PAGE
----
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Using ARC GIS Explorer

Using ARC GIS Explorer to report Dissolved Oxygen concentrations in the Lafayette Reservoir

An interview with Steve Bachofer

Can you give a general overview of the project and what you hoped to accomplish?

My technology project was to gain some skill in generating an interactive map.  This project was directly linked to an Environmental Chemistry lab.  The lab objective was to record the dissolved oxygen as a function of depth at the Lafayette Reservoir and determine the lake’s thermocline.  To effectively communicate this data, students were directed to make a map to convey this data.

What inspired you to use technology for this process and which technology ended up being the most useful to you and students?<

I have observed more interactive maps appearing on websites giving the public information at various regional parks.  I have also heard conference presentations where individuals note that students are more vested in the laboratory experiment when the lab generated materials to inform the public.  The mapping technology used was ARC GIS Explorer which was freely available.  Students were able to access it in our labs and they could download their copies.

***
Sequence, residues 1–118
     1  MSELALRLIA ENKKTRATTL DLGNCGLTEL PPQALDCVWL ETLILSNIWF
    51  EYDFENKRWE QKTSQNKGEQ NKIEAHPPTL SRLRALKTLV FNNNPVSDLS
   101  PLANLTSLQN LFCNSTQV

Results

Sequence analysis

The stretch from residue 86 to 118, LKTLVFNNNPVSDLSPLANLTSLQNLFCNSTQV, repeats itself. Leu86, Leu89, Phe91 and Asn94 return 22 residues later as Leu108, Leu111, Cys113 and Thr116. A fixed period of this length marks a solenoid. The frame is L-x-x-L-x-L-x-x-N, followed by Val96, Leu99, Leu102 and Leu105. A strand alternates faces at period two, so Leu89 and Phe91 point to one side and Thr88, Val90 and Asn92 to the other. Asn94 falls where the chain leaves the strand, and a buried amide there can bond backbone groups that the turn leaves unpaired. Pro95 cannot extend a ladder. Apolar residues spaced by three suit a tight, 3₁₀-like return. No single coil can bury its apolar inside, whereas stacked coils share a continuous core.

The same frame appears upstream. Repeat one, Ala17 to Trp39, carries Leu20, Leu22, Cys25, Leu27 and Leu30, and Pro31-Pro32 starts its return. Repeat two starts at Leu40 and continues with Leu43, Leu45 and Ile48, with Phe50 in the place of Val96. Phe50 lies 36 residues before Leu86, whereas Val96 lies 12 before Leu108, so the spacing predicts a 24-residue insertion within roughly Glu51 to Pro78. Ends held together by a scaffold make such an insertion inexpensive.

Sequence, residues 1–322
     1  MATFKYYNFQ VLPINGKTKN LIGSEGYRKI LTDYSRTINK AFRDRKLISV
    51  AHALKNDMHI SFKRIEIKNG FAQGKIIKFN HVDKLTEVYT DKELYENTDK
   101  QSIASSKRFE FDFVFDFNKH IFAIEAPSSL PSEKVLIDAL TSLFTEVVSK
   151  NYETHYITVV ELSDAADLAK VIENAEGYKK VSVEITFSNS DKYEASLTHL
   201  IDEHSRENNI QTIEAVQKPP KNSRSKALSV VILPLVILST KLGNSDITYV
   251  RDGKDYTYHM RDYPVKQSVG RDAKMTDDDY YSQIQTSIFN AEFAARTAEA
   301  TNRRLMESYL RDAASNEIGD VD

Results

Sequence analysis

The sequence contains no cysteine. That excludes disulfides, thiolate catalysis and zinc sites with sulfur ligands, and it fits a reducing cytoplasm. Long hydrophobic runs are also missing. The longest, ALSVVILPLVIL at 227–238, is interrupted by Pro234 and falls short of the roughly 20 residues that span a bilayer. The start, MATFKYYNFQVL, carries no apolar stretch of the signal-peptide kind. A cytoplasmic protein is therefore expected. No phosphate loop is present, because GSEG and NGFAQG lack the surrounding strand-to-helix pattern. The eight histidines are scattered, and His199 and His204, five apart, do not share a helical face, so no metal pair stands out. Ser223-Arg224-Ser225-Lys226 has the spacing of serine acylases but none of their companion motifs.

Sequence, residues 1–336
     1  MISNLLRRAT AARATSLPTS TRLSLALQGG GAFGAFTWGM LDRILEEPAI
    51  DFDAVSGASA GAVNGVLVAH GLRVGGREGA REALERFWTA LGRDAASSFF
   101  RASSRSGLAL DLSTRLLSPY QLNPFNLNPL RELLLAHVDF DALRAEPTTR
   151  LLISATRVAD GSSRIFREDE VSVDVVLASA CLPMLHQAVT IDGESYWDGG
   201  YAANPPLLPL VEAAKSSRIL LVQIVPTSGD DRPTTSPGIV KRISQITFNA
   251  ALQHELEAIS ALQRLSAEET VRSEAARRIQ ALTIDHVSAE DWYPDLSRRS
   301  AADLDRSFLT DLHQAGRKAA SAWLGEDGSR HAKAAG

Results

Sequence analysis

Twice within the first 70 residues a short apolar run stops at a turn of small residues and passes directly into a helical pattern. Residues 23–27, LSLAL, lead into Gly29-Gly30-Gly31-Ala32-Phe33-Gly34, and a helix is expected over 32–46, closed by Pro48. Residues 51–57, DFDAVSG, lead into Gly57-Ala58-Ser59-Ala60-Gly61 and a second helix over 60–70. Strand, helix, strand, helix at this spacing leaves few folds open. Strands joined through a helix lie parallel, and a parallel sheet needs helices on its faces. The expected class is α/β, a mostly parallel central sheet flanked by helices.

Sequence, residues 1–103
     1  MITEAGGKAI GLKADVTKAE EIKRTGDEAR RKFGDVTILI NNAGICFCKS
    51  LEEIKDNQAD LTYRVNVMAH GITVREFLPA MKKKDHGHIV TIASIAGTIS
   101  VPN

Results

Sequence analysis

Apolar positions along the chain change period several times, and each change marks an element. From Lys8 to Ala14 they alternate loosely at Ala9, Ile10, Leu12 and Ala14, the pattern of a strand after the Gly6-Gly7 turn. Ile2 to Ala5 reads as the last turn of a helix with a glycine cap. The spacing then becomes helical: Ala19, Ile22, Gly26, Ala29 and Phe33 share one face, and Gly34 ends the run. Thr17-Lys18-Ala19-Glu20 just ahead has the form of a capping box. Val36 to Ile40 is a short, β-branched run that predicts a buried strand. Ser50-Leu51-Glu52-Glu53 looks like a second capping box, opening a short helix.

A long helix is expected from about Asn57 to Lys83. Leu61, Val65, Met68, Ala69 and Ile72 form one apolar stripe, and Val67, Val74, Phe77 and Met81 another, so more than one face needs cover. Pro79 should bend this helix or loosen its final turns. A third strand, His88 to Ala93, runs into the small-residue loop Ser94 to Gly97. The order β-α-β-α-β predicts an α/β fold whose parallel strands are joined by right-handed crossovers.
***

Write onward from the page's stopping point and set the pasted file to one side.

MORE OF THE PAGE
What was the assignment for students? What were some of the student reactions to the project?

The students were assigned to collect dissolved oxygen data from various locations on the Lafayette Reservoir. The EBMUD staff was supportive and provided us access to their paddle boats for free.  The students were given instruction on the dissolved oxygen meters and the separate GPS data loggers.  The student reactions were very positive since this lab allowed them to paddle around on the lake and collect their data as a team.  The mapping portion was not considered onerous after having a data collection lab with an element of fun.  The concept that lakes of sufficient depth exhibit a thermocline was successfully conveyed.  The student data was simplified to make the mapped information easier for EBMUD to display to patrons (typically individuals who fish at the lake).  It is known that the fish do spend more time in locations with adequate oxygen so the data is indeed applicable.

SALG on student reactions:  Using a scale ranging from 1 strongly disagree, 3 neutral, and 5 strongly agree.

Questions Mean Number of respondents
The data set was easily obtained.
You think that the data set obtained from the experiment was high quality.
The experimental site was too conducive to recreation so it therefore distracted students.
The experience of sampling in the field was educational.
The reported data will be used to make an impact on the community.

What did you learn during the process?